Finding “Balance” between work and family

I read many of the posts here on Linkedin, and I find it interesting, so many writers with so many followers many of them professing the virtues of “balance”. They pontificate on how much needs to be given up and what loss must be suffered to effect this illusive “balance”

Penelope Trunk dared to discuss openly, her attempt at “balance” and was mercilessly attacked for having “exchanged success for family”, as if they were, somehow exclusive, one from another. She was accused of being a “bad mother” because she put her “business before family”.

Today I cleaned out a warehouse that I had sold. The young man who purchased the building was there, sweeping the floors and clearing the space for his new venture. With him were his sons and his daughter. They swept, as I did, for my father, as a boy. He was kind and instructive as they each worked hard to help Dad to complete the task at hand. He said ” if we get done today before noon, there will be ice cream for everybody before we go to pick up mommy”.

He is the best kind of man, and father. He is teaching his children how to work, and the relationship between effort and reward. This is the finest kind of parenting.

When I was a boy, I looked forward to Saturday. On Saturday, I got to go to work with my Dad. He is gone now, but some of my fondest memories are the two of us working, me sweeping, and him sawing and hammering into the late evening. He was kind and understanding. He said to me many times,”you are a hard worker. You can outwork anyone”. I was so proud. He believed that hard work was a beautiful thing.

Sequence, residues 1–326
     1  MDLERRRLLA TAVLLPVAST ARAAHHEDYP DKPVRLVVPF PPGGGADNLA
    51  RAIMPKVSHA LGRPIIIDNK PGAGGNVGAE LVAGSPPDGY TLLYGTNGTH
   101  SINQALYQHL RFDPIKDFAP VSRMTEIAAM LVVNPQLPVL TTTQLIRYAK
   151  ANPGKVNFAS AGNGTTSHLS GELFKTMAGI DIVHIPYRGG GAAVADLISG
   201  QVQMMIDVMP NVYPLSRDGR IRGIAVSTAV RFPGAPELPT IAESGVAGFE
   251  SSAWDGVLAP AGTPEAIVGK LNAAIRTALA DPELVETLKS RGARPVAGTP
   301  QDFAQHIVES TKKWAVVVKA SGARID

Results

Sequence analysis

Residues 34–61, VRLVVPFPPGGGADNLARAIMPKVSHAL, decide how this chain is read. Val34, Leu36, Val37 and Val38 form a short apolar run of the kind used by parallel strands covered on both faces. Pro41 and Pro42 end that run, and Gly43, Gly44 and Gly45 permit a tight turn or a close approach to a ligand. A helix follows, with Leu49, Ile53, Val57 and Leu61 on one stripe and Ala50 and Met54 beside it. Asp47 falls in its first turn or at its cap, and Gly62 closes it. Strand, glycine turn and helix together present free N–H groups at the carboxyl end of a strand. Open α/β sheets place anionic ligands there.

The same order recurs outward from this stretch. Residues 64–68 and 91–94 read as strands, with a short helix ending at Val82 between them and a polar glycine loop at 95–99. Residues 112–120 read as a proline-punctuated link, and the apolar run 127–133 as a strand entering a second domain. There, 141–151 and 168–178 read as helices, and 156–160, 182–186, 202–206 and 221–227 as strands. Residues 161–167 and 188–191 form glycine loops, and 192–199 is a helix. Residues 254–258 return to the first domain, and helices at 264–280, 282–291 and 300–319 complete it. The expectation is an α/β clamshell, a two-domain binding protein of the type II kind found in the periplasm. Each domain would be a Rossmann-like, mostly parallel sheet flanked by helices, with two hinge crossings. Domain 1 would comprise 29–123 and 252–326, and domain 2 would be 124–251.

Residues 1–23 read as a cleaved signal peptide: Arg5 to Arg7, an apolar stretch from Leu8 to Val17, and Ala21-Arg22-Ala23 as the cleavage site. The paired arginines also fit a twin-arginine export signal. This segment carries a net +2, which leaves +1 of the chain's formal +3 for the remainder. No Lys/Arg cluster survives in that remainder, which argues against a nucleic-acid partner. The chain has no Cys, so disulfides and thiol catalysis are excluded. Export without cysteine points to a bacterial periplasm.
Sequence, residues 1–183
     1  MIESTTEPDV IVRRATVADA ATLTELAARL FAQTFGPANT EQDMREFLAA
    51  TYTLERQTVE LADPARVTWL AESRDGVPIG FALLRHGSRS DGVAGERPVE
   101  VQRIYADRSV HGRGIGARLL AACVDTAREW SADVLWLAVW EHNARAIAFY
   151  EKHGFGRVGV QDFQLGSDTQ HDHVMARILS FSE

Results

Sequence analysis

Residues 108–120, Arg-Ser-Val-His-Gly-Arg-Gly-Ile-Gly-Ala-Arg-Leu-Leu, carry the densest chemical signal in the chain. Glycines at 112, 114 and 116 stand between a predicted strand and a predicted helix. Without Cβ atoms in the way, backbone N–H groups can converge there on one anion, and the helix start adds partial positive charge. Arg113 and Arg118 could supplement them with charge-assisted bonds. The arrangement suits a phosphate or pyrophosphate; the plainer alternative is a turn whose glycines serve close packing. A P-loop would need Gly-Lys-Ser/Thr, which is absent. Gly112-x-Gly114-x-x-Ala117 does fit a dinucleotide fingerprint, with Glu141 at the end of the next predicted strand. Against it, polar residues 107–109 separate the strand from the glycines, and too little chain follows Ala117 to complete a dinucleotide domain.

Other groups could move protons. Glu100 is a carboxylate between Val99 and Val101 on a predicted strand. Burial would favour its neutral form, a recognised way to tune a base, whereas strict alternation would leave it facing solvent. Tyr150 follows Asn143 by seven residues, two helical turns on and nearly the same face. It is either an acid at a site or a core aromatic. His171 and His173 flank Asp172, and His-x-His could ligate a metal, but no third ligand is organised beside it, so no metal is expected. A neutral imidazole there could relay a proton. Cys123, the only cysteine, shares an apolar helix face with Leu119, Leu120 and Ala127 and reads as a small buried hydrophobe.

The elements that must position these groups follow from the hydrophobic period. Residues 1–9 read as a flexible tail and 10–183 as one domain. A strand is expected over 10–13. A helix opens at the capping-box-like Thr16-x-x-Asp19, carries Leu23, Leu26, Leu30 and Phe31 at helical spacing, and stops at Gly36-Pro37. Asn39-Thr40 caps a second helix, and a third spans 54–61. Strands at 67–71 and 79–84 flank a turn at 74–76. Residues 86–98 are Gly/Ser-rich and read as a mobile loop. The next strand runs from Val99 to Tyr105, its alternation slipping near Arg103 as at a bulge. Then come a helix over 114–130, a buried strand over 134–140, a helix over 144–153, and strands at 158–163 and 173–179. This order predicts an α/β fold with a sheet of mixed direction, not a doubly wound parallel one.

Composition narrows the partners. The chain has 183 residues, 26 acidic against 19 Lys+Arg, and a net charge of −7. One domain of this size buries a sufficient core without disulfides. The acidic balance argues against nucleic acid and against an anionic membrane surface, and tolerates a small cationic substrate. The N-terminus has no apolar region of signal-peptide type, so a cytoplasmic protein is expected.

My father built the first home that my family had with only hand tools after work. We lived in a concrete block basement until it was finished. With those kind, rough hands, he lifted our family from near poverty to prominence.

Each of his children have accomplished many varied and significant things. None was lazy. None was a failure. None an addict. My brother holds twenty some patents in the U.S. and over fifty internationally in the aerospace industry. My sister was a medical doctor, an arctic explorer and a New York Times best-selling author. As I tell my mother, two out of three is not bad.

My father is the greatest man  I have known. He was a builder, that is why I am a builder. He was kind and strong, and honorable. He had no balance. He had three growing children who would one day become builders, rocket scientists, and doctors. He saw it as his responsibility to be sure that they could.

As children we used to stand at the screen door with Mom  and wait for the lights of dad’s truck coming down the dirt road. It was near bed time when they would appear. He would hug us and put us to bed. He was long gone when we awoke in the morning. We never doubted his love. We knew that he worked those hours for us.

I suppose that any of these do-gooders would say that I have worked way too hard. I have not been a fixture at soccer games nor grade school recitals.

To those who hurt so because their job takes them away from their children, I offer the example of my father.

Show them that you love them, but show them, too, that work is not drudgery to be endured, but one of the most rewarding things that life has to offer, and its secondary result is the security and well-being of a family. That, my friends, is love.

Scott Cahill